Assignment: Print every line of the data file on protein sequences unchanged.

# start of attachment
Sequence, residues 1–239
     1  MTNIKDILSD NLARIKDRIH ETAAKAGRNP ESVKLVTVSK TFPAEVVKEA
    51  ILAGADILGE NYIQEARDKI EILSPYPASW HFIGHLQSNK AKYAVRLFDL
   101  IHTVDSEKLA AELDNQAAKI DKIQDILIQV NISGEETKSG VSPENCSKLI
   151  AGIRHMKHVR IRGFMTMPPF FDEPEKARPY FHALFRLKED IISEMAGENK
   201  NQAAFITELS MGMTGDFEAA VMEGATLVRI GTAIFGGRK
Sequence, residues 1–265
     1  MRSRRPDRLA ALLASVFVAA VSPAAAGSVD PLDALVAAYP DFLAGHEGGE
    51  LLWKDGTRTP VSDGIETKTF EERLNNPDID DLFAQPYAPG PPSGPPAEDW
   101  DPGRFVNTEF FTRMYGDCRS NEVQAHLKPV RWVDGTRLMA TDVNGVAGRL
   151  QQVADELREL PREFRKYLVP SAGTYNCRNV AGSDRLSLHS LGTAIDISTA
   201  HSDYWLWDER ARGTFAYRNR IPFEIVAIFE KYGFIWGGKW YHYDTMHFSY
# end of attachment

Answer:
Sequence, residues 1–239
     1  MTNIKDILSD NLARIKDRIH ETAAKAGRNP ESVKLVTVSK TFPAEVVKEA
    51  ILAGADILGE NYIQEARDKI EILSPYPASW HFIGHLQSNK AKYAVRLFDL
   101  IHTVDSEKLA AELDNQAAKI DKIQDILIQV NISGEETKSG VSPENCSKLI
   151  AGIRHMKHVR IRGFMTMPPF FDEPEKARPY FHALFRLKED IISEMAGENK
   201  NQAAFITELS MGMTGDFEAA VMEGATLVRI GTAIFGGRK
Sequence, residues 1–265
     1  MRSRRPDRLA ALLASVFVAA VSPAAAGSVD PLDALVAAYP DFLAGHEGGE
    51  LLWKDGTRTP VSDGIETKTF EERLNNPDID DLFAQPYAPG PPSGPPAEDW
   101  DPGRFVNTEF FTRMYGDCRS NEVQAHLKPV RWVDGTRLMA TDVNGVAGRL
   151  QQVADELREL PREFRKYLVP SAGTYNCRNV AGSDRLSLHS LGTAIDISTA
   201  HSDYWLWDER ARGTFAYRNR IPFEIVAIFE KYGFIWGGKW YHYDTMHFSY